Addiction In Sight



So why is there any blindness with this? After all, the elephant fable only makes sense because the men are blind – otherwise they would see that they’ve described different aspects of a complete animal. It seems to me that this blindness comes from specialization.

Dr Menzies, the gut peptide researcher, is a scientist at the Centre for Integrative Physiology at the University of Edinburgh. His web page says:

“The gut produces many peptide hormones that act in the brain, and mimicking these may lead eventually to medicines that can suppress our desire to overeat.”

So he studies appetite hormones in order to develop a pharmaceutical solution. One thing we can be fairly sure of is that he doesn’t spend his days speaking in depth with those who struggle with compulsive overeating. So he’d be unaware of shifts in attitude that could make the difference between failure and success.

This is not intended as a criticism; it’s just that he’s got hold of one part of the whole. So, for example, it would be of little interest to him that the appetite hormone ghrelin is highly responsive to placebo. In other words, it’s released by expectation and not necessarily by the biochemistry of the brain or body.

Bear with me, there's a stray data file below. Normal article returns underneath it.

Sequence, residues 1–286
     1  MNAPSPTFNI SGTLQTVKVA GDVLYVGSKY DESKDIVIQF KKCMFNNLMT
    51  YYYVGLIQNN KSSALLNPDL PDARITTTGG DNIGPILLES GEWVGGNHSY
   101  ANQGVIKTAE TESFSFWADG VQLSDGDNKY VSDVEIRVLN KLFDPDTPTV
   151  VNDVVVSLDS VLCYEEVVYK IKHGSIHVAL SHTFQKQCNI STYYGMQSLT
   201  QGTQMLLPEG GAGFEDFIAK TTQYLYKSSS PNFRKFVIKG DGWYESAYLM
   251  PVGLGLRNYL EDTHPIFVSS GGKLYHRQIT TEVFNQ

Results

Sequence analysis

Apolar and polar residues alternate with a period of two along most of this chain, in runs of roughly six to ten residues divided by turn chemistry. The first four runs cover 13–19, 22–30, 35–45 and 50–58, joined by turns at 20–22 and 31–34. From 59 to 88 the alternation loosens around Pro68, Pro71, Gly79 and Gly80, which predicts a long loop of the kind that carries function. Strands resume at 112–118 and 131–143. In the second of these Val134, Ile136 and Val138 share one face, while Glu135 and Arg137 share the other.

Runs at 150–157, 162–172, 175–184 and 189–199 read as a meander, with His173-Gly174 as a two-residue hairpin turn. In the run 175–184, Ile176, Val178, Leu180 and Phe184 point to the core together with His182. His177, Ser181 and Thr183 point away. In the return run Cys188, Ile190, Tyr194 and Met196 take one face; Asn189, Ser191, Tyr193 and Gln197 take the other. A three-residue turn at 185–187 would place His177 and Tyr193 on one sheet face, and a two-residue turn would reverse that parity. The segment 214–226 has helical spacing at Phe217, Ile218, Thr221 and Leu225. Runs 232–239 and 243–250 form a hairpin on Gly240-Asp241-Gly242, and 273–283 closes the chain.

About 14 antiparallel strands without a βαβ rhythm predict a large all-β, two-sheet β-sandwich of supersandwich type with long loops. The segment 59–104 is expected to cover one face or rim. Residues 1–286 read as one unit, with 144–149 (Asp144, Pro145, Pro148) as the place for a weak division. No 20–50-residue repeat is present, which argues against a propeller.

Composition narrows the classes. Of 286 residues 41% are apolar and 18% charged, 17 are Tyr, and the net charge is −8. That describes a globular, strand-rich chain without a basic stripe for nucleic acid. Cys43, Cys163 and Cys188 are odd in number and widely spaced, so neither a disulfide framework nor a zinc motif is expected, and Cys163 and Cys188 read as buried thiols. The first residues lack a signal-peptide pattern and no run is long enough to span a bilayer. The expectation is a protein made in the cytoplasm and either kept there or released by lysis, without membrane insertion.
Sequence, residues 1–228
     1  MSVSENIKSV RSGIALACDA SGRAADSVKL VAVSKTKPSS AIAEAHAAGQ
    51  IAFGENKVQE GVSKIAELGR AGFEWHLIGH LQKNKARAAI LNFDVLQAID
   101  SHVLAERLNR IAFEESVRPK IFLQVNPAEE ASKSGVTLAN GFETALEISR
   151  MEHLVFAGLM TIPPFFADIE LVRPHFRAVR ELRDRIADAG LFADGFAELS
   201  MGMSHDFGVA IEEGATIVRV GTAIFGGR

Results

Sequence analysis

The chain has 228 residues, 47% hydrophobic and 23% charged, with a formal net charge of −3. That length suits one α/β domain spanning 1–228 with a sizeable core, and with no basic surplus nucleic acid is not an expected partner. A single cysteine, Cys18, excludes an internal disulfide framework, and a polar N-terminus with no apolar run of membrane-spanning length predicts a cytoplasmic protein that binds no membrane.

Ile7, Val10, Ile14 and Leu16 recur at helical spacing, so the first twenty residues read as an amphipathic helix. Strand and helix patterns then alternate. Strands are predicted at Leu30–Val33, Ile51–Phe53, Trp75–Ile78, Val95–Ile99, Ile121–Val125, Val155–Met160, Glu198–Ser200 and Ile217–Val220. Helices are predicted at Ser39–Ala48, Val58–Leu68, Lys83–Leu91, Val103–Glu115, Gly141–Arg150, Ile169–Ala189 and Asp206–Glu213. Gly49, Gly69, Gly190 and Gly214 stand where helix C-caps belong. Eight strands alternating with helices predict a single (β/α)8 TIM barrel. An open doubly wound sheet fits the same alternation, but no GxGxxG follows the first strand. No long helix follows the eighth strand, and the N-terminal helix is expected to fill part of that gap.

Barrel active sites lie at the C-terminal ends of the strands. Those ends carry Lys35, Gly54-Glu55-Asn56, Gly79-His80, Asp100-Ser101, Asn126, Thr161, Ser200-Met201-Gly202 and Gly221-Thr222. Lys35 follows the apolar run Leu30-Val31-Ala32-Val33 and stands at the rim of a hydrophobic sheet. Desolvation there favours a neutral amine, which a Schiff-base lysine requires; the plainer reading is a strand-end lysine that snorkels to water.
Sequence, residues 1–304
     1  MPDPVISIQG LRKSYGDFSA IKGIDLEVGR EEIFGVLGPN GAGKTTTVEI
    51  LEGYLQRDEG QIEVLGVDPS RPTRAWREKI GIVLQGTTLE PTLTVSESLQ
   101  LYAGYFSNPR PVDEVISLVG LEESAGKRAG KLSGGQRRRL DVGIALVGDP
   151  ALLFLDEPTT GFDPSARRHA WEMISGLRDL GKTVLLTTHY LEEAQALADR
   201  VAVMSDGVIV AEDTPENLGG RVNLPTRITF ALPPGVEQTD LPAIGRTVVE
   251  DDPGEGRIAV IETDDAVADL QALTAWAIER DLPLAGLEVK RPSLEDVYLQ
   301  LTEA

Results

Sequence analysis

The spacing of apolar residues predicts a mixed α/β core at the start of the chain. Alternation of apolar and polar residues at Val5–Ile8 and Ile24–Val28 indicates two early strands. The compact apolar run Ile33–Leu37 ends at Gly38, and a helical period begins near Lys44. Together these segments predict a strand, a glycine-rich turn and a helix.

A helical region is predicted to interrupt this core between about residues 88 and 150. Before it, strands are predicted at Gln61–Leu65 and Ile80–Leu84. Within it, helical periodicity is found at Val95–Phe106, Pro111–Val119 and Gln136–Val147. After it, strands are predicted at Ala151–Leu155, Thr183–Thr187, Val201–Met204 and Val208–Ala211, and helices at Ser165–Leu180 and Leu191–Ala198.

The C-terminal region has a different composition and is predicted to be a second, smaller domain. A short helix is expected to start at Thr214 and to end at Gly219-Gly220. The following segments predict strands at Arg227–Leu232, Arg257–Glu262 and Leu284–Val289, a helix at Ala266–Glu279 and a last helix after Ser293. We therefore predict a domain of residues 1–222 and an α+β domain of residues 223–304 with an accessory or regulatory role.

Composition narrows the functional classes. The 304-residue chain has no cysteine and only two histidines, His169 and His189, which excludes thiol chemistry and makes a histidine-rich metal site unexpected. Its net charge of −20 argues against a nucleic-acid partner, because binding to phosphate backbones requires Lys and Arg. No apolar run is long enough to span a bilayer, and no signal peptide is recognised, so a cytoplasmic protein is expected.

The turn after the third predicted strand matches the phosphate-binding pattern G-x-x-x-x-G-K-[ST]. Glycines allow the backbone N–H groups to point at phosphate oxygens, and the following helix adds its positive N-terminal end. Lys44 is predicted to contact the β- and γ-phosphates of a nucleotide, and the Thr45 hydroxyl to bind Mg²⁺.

In one paper, Menzies begins, “Decisions about what, when and how much to eat are made by the brain.” Clearly that’s how his elephant looks to him – but it doesn’t look like that from where I’m standing!

Similarly, Dr Nora Volkow lets us know she’s funded specifically to develop pharmaceutical interventions. It’s likely that she is the Director of the (USA) National Institutes of Drug Abuse precisely because her focus is on the ‘chronic brain disease’ model of addiction.

Dr Volkow and her team have done an outstanding job of describing the problem in terms of brain function, and I’ve quoted her published research on many occasions. However, she appears to have no interest in the bit of elephant that is our brains’ own ability to change the way it works, known as neuroplasticity.


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